Speaking on ABC radio last week, Richardson explained that Australia had gone straight from a housing boom to a commodity price boom. “We had two artificial boosts in a row—first housing, now commodities. If both fall by the wayside then the economy loses a big driver, and that would be a risk”. As far as jobs are concerned, the mining sector is heavily capital-intensive and does not employ a large workforce.Companies continue job cutting
Major jobs losses continue to be announced. Last week Qantas chief executive Geoff Dixon confirmed the airline was considering a “substantial restructure” of its engineering and maintenance operations within three to four months.
He warned that 3,000 maintenance jobs in Australia could be cut and relocated overseas to take advantage of lower wage rates. The trade unions responded by offering to assist in cost cutting and changes to work practices. The airline recently axed 300 jobs after losing a maintenance contract for Singapore Airlines.
National Australia Bank, the country’s largest bank, confirmed last month that it had completed cutting the 1,000 jobs announced in May as part of a three-year plan to restructure. Another 1,000 jobs will be axed over the next two years. The bank has already launched a pilot scheme, outsourcing 23 office jobs to Bangalore in India in September.
Telstra, the formerly government-owned telecommunications carrier, could shed up to 9,000 jobs in a major restructuring after legislation cleared parliament last month for its full privatisation. Chief executive Sol Trujillo warned in August that despite a record $4.4 billion profit for the 2004-2005 financial year, earnings were set to fall and cost cutting was inevitable.
A recent review has targetted 1,000 managerial staff jobs and set aside $100 million to fund the redundancies. The company has also closed directory assistance call centres in the rural Queensland town of Roma and in Goulburn, NSW, with the loss of 14 and 18 jobs respectively.
Also slated for possible closure are Telstra’s 101 high-street retail shops with at least one in western Sydney already gone. Telstra’s directories and search engine business Sensis announced at the end of last month it would slash 230 jobs from its 3,500 strong workforce as part of a “strategic review”.
Following an announcement in September by General Motors Holden that it would slash 1,400 jobs and cut back production at its Elizabeth, South Australia, plant, nearly 800 jobs have been shed across three car component manufacturers, Ion Automotive, Autoliv and Trico. A further 280 jobs are under threat at Silcraft and Calsonic after Holden failed to renew contracts.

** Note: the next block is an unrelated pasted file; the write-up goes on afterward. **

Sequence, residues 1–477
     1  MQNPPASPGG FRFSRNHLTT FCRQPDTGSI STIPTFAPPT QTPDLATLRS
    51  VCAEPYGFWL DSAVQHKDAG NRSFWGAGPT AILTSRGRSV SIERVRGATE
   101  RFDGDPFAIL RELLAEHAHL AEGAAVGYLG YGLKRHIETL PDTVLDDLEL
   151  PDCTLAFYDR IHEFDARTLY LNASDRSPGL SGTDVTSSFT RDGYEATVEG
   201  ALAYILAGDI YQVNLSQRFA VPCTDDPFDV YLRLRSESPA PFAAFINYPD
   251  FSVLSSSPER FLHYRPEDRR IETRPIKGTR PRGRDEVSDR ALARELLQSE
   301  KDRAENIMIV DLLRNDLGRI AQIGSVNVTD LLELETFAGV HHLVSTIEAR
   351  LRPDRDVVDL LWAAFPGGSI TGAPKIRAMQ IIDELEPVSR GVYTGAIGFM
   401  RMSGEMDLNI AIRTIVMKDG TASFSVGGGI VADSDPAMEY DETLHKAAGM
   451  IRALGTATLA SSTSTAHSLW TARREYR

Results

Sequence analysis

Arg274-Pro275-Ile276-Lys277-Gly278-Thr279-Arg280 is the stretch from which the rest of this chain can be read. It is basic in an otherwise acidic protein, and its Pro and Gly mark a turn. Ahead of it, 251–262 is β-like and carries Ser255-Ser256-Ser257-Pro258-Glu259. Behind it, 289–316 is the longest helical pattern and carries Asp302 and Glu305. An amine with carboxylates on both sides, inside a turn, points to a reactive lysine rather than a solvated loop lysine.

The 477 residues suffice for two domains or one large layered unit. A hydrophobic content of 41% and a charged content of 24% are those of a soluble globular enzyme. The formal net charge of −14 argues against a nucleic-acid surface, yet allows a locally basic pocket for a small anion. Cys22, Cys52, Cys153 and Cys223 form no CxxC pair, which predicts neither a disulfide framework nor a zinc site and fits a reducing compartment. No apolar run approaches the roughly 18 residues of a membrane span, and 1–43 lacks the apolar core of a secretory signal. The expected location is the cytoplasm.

In September, electrical and electronic fittings manufacturer Clipsal announced it would close its plant in Murray Bridge, South Australia, destroying 127 permanent positions and 45 contracting jobs. Also in September, metal recycling company Non-Ferral said it would close its Keon Park plant in Melbourne at the cost of 52 jobs.
Australia’s largest carpet maker Feltex will shut its yarn plant in Melbourne, destroying 205 jobs. The company will axe another 30 jobs at its Christchurch operations in New Zealand. This brings the total number of jobs cut since July to 281, slashing costs by $11 million a year. Kitchen appliances manufacturer Electrolux will shed 40 jobs from its Dudley Park plant in South Australia, blaming a “cooling of the housing market”.
Last month, Nestle shut down its milk products plant at Tongola in northern central Victoria, cutting 150 jobs, while food products manufacturer Sara Lee will cut 170 jobs, mostly from its production plant, warehouse and administration centre in Carlton South, Victoria.
Also last month, timber company Carter Holt Harvey announced it would shed 150 jobs across its three sawmills in South Australia and western Victoria. Freight hauler Pacific National will restructure its container rail freight services in Tasmania, destroying up to 160 jobs.
Bluestone Tin suspended mining at its Renison Bell tin mine near Zeehan, Tasmania retrenching 200 people, citing falling tin prices. Since last year, tin prices have fallen from $13,000 a tonne to a low of $8,400 a tonne to September, or 33 percent in Australian dollar terms.
Pacific National will axe its container rail freight service in Tasmania at the cost of 160 jobs, claiming the service was “unviable”. The closure will affect other industries in the region. The Norske Skog newsprint mill at Boyer, which relies on the freight service to deliver logs, has indicated that 400 jobs are at risk.
The New South Wales Labor government has announced it will restructure CountryLink long-distance train services, cutting 100 jobs and closing booking offices across the state. The government blames low patronage, resulting in a loss of $150 million last financial year.